In Minnesota’s second congressional district, which includes Northfield, Republican incumbent John Kline defeated challenger Mike Obermueller, who paid a visit to campus on Tuesday afternoon along with David Bly, who won a seat in the State House this year after being unseated in the 2010 elections by a mere 37 votes. Kevin Dahle, a Northfield resident who ran for State Senate, narrowly defeated Republican challenger Mike Dudley by just 82 votes. A recount is underway, but it seems likely that Dahle will head back to St. Paul next year.

Oles turned out in overwhelming liberal support, with 80 percent of the campus voting for Obama. Similar numbers prevailed with both amendments, gaining nearly universal disapproval among students.

Minnesota was not the only state with constitutional amendments on the ballot. Maine, Washington and Maryland all voted to legalize same-sex marriage, and Colorado and Washington voted in favor of legalizing and taxing marijuana.

Democrats expanded their control of the U.S. Senate on Tuesday, occupying 53 Senate seats 55 counting two independent senators expected to caucus with the Democrats, but failed to regain majority in the House, where Republicans control 233 of the 435 seats.

The excitement and anticipation of election day is now over, and regardless of whether or not students are pleased by the outcomes, they will all appreciate the absence of slanderous political TV spots and campaign videos every time they turn on a football game or try to listen to a song on YouTube. Members of St. Olaf political organizations can rest assured knowing that they helped raise political awareness and engage students in their civic duties during this groundbreaking election.

The results of election day 2012 will undoubtedly create some divides between excitement, disappointment and ambivalence around our campus and communities throughout the country.

Perhaps no one said it better than our president himself during his victory speech: Regardless of how you voted this time around, we should enter this new political era with optimism towards the dissolution of polarized bipartisanship.

“I believe we can seize this future together because we are not as divided as our politics suggests,” Obama said. “We’re not as cynical as the pundits believe. We are greater than the sum of our individual ambitions, and we remain more than a collection of red states and blue states. We are and forever will be the United States of America.”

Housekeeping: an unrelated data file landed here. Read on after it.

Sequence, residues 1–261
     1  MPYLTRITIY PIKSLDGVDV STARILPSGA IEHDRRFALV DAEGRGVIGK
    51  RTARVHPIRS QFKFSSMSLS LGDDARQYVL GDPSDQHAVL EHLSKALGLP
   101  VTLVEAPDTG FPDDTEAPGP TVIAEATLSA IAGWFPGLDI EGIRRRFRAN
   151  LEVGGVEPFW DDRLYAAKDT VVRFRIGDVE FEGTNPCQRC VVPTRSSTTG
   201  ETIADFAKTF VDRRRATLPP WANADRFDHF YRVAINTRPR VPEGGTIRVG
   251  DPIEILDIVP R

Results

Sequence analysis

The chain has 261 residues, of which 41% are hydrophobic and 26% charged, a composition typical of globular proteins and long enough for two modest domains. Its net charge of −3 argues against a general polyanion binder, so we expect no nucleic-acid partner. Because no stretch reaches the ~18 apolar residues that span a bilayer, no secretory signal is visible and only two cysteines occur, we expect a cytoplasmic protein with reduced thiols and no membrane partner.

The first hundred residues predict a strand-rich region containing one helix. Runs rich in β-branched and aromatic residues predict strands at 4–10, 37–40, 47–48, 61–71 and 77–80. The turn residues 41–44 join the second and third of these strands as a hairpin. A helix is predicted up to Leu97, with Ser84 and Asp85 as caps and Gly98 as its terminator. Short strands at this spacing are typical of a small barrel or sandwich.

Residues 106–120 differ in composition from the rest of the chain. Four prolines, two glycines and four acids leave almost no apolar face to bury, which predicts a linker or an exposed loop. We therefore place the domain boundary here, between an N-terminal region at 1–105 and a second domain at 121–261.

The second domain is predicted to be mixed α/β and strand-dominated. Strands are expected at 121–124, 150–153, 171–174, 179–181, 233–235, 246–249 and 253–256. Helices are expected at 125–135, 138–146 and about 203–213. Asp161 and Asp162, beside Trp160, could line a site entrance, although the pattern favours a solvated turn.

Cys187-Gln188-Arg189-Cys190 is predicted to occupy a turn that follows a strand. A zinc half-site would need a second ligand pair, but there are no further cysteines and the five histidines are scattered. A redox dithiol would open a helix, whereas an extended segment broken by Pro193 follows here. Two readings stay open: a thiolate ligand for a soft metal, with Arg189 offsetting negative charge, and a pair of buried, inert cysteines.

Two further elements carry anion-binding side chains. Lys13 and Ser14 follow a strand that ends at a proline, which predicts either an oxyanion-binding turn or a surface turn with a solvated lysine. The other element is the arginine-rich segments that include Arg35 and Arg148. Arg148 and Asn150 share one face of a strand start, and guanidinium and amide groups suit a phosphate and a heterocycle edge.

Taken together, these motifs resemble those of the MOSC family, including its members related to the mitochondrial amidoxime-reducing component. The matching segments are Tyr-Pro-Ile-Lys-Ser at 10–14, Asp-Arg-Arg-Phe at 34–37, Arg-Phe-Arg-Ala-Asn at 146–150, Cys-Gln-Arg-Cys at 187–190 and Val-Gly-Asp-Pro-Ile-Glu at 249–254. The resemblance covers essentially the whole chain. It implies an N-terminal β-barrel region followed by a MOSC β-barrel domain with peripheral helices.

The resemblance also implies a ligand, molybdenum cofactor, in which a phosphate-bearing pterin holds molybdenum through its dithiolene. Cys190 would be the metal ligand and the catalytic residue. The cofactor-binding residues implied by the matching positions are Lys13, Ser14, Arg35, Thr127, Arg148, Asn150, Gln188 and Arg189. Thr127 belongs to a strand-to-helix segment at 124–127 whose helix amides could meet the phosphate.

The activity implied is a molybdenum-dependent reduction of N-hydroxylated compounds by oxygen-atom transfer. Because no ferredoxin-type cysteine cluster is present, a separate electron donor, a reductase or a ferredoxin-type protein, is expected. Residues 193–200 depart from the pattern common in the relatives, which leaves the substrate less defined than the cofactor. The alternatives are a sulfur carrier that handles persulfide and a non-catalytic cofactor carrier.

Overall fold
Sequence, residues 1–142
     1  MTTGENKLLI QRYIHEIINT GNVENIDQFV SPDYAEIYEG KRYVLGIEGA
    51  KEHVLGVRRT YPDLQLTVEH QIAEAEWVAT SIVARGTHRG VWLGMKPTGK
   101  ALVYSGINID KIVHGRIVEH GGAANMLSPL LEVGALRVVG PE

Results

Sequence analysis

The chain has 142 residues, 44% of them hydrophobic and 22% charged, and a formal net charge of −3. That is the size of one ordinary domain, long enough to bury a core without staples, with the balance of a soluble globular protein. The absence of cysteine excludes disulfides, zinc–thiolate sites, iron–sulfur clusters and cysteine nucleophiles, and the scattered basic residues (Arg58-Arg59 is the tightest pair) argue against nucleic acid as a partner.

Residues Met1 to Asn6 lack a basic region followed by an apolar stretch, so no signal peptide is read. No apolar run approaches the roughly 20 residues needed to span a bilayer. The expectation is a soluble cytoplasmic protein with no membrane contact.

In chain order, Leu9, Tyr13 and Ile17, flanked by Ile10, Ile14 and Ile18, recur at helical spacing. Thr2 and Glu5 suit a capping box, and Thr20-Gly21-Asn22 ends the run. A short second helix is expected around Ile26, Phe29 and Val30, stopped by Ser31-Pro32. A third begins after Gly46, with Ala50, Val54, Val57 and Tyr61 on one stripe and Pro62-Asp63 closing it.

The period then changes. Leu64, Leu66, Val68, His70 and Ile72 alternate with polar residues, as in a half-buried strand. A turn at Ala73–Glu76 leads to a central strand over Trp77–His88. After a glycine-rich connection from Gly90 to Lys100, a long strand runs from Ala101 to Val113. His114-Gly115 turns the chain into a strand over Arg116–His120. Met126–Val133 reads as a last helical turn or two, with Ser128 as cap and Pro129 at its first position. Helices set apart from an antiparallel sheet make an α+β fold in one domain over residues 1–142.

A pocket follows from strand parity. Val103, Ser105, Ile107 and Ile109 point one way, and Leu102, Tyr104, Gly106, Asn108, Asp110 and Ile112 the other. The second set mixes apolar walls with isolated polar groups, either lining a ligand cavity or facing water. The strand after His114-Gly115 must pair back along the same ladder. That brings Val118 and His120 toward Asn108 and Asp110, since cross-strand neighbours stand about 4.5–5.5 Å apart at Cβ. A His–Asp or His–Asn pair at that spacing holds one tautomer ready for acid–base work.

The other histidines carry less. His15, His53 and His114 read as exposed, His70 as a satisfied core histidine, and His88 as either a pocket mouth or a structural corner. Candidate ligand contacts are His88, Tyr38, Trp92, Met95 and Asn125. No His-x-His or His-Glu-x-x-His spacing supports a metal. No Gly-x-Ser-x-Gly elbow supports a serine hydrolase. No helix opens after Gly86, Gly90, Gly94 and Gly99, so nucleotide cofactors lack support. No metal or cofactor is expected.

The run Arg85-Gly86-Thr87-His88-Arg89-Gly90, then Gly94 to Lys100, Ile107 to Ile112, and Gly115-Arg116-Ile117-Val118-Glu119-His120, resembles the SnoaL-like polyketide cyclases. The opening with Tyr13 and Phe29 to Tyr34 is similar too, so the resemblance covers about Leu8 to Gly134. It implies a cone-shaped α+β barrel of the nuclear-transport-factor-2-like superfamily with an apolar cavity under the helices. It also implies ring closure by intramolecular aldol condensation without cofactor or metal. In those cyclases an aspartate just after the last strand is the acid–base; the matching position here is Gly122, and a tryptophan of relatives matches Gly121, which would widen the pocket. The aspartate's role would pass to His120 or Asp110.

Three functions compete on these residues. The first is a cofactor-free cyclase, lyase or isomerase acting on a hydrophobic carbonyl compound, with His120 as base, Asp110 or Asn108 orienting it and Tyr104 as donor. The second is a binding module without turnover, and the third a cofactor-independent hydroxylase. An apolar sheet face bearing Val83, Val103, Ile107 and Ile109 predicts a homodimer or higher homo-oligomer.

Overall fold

Surely after a few days off, politically gung-ho Oles will be back at it, promoting their various causes, set to make this nation and this world a better place.

tibaldi@stolaf.edu

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Kurry Kabab permanently closes its door

On Oct. 21, Kurry Kabab, a favorite local restaurant among Oles, closed its doors for good. The rather abrupt closing of the casual establishment, which was known for its inexpensive, yet authentic Indian cuisine, was met with widespread discontent in the Northfield community.

Loyal Northfield patrons missed no opportunity to get their fill of Indian delicacy before the restaurant’s closing on Sunday evening. During Kurry Kabab’s last weekend in business, the establishment struggled to keep up with the unusually massive amount of customers.

Every table was packed during the weekend buffet, and the chefs even ran out of chicken due to the massive influx of customers. The wait for a table was more than an hour during dinner, and even former employees who were enjoying a last meal pitched in, bussing tables and distributing take-out trays to customers.

Kurry Kabab was the only restaurant delivering to campus other than Northfield’s pizza joints. And even though our Caf food is top-notch, sometimes there is nothing better than gathering up some friends and eating chicken shahi korma and palak paneer on your dorm room floor.

While Northfield isn’t known for its abundance of ethnic food establishments, we’ll still have Chapati for our Indian food cravings. But the Division street restaurant, although more upscale than Kurry Kabab, lacks much of the authenticity that made Kurry Kabab a favorite among Olaf students. Chapati is also pricier and does not deliver to campus.

“By losing Kurry Kabab, we are losing the one authentic Indian restaurant in Northfield,” said Chris Hager ’16, a Northfield native and former employee of Kurry Kabab. “All of the food was cooked by one Indian family, who used traditional recipes, while Chapati is more American.”

Kurry Kabab opened in 2005 when Satinder Singh and his family moved to Northfield from New York City to open their restaurant. According to the Northfield Patch, which released a press statement immediately following the closing of the establishment, Kurry Kabab closed due to a string of economic woes, which in the end were too great to overcome while staying in business.